MarIus 394: SIMPLY 2009
The periodical MarIus also includes SIMPLY, the Scandinavian Institute’s Maritime and Petroleum Law Yearbook. In SIMPLY the Scandinavian Institute of Maritime Law presents research of its members and friends.
SIMPLY 2009 - Scandinavian Institute of Maritime Law Yearbook. Photo: UiO/NIFS.
In SIMPLY 2009 a wide range of subjects are discussed.
Marine Insurance regimes and their impact on shipping competition
Trine-Lise Wilhelmsen, Professor and Director of the Scandinavian Institute of Maritime Law, University of Oslo
The purpose of this article is to discuss to what extent the regulation of hull insurance in different European countries encourage or impedes perfect competition in the marine insurance market. The starting point is the relationship between freedom of contract and the perfectly competitive market. The conclusion is that mandatory rules and attempts at harmonization do not seem to impede competition. The same seem to be true for national contractual regulation, but here differences in structure and approach may make it difficult to compare the regulations and thus counter competition.
Legal customs and the lex mercatoria in international private maritime law
Donato Di Bona, LL.M, Ph.D., Researcher at University of Palermo, Attorney at law
The article deals with the problem of unification of international private maritime law, by virtue of private self regulation (lex mercatoria). It also contains a review of English and Italian cases dealing with the application of customs in international transport. The conclusion is that the disputes about lex mercatoria are not only a scholar's rhetoric exercise, but the fruit of a policentric vision of sources of law and that lex mercatoria, intended as a set of international legal customs, has been part of international maritime law, under various names.
Company’s duty to provide CAR insurance under a fabrication contract: What happens if the insurer becomes insolvent? A response to professor Hans Jacob Bull
Vidar Strømme, Lawyer, the Law Firm Schjødt
Svein H. Bjørnestad, Legal Director, ESSO Norge
The article concerns the question which of the parties to a fabrication contract should bear the risk in the event that the oil company has taken out a "Construction All Risk" policy also to the benefit of contractor, and the insurance company thereafter is declared bankrupt. Based on a specific case in Stavanger City Court ( "Stavanger Tingrett"), the authors argue that the risk should lie with ontractor. This is i.a. based on an interpretation of the type of contract in question, the "knock for knock" principle and some principles from the laws of contracts and obligations.
Formalism in complex onshore and offshore construction contracts
Knut Kaasen, Professor, Scandinavian Institute of Maritime Law, University of Oslo
The article discusses the trend to increase the level of formalism in standard contracts used in on- and offshore construction projects. The aim is to assess the need to establish formal procedural requirements for contract management and to explore different options for accommodating this need, as well as their potential consequences. Do the standard forms go further than necessary in imposing formal procedural rules within contracts? Are we moving towards a level of formalism that will be intolerable?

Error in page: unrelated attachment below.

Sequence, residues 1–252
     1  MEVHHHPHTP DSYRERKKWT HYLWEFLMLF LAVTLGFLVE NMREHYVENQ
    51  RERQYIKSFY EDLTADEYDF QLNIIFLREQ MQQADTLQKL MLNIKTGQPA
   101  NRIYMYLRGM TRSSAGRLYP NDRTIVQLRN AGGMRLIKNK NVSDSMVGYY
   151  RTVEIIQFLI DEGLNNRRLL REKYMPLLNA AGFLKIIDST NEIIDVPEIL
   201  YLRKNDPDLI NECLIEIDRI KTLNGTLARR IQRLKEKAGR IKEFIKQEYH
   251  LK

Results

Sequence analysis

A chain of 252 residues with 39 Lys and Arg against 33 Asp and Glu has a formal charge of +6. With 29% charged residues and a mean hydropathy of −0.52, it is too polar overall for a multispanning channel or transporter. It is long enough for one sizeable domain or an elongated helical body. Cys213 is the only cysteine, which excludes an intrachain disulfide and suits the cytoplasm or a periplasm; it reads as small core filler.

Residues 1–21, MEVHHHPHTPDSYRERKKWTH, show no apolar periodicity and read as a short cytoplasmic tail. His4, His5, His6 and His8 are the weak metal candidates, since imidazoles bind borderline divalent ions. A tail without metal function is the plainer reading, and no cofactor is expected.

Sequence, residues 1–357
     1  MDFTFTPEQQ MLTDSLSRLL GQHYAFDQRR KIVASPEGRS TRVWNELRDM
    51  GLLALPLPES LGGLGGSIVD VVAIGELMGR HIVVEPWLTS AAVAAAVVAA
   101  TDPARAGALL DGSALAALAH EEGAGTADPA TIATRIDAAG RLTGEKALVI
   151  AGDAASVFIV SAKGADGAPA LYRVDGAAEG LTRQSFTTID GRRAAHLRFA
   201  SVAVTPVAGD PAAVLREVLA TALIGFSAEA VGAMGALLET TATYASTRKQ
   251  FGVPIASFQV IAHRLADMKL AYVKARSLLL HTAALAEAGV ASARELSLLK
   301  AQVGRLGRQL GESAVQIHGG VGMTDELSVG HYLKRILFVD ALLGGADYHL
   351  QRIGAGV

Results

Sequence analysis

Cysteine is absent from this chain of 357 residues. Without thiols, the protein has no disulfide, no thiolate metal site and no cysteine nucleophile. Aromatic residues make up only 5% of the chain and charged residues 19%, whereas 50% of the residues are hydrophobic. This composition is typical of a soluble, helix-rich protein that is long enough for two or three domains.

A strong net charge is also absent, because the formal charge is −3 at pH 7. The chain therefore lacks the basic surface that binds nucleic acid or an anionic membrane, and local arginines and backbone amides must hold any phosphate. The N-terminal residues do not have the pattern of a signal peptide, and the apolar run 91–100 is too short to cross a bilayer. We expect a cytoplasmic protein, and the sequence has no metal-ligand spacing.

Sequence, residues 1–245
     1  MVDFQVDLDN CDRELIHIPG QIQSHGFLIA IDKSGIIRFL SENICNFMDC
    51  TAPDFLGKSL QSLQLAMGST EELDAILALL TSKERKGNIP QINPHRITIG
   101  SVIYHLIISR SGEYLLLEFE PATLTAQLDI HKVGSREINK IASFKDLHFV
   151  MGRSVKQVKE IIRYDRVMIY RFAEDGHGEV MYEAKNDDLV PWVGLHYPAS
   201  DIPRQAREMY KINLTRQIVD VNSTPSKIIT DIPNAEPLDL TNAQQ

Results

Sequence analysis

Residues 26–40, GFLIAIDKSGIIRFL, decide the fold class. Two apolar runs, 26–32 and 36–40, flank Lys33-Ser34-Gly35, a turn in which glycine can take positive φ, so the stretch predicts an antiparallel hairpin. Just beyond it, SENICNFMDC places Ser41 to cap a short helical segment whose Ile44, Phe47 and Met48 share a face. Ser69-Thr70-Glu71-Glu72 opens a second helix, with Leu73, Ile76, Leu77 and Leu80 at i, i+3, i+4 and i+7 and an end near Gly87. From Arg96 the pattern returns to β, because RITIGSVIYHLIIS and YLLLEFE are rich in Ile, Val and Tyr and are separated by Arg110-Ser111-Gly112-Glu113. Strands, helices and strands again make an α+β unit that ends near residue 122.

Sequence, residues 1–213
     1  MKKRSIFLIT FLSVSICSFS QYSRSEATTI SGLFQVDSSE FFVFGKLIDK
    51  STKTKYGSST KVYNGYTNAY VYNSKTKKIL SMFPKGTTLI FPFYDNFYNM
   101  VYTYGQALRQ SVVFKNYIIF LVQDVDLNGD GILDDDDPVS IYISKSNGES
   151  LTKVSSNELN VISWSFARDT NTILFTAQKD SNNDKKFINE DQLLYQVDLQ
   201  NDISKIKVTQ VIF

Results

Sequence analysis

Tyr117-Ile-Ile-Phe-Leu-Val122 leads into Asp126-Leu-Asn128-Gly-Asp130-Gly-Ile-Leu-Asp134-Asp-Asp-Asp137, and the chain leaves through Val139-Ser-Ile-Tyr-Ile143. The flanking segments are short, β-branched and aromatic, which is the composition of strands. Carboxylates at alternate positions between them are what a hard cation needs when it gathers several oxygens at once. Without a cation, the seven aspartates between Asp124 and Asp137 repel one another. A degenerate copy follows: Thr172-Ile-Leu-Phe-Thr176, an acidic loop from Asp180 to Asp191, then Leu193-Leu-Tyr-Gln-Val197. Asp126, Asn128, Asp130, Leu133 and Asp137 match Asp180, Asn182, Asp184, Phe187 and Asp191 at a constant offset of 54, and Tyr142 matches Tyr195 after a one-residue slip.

The freight forwarder’s security for earnings and outlays
– with particular view to NSAB 2000 and Norwegian domestic law
Thor Falkanger, Professor Emeritus, Scandinavian Institute of Maritime Law, University of Oslo
A freight forwarder’s claim in respect of goods transported is secured by a right of retention. The article discusses this right, and in particular whether this right can be extended by contract to cover claims from previous transportation engagements. The discussion, based upon the freight forwarders’ standard terms (NSAB 2000), involves analysis of four important Norwegian Supreme Court decisions.
Implementing Conventions – Scandinavian Style
Erik Røsæg, Professor, Scandinavian Institute of Maritime Law, University of Oslo
The article discusses how international conventions on uniformity of maritime law are implemented in Scandinavian law.
Vessel-source pollution in the disputed area of the Barents Sea – Norway’s access to administrate prevention initiatives
Iris Østreng, LL.M, Legal Advisor for Den Norske Krigsforsikring for Skib
This master thesis examines the vessel-source pollution regulation in light of the maritime boundary dispute between Norway and Russia in the Barents Sea (settled after delivery of this thesis). The questions raised remain topical. This thesis gives a comprehensive overview over the applicable international instruments, examines Norway’s jurisdiction over pollution accidents at sea and rounds up with providing a future perspective for the regulation of pollution in the Barents Sea.
The End of Liner Conferences? The New Competition Regime for Liner Shipping
Joar Holme Støylen, LL.M, University of Bergen, Norway and Bond University, Australia , Associate at the Law Firm Selmer DA
Liner shipping is regularly scheduled international maritime transport services. In liner conferences, operators would cooperate on administration, prices and capacity among other things. Such measures are not in accordance with European competition regulation, but were allowed under a block exemption from ECT Article 101. In October 2008 Council Regulation 1419/2008 repealed the block exemption. The paper looks into the legal consequences for vessel operators within liner shipping, the legal alternatives in a post conference era, and possible outcomes of future market development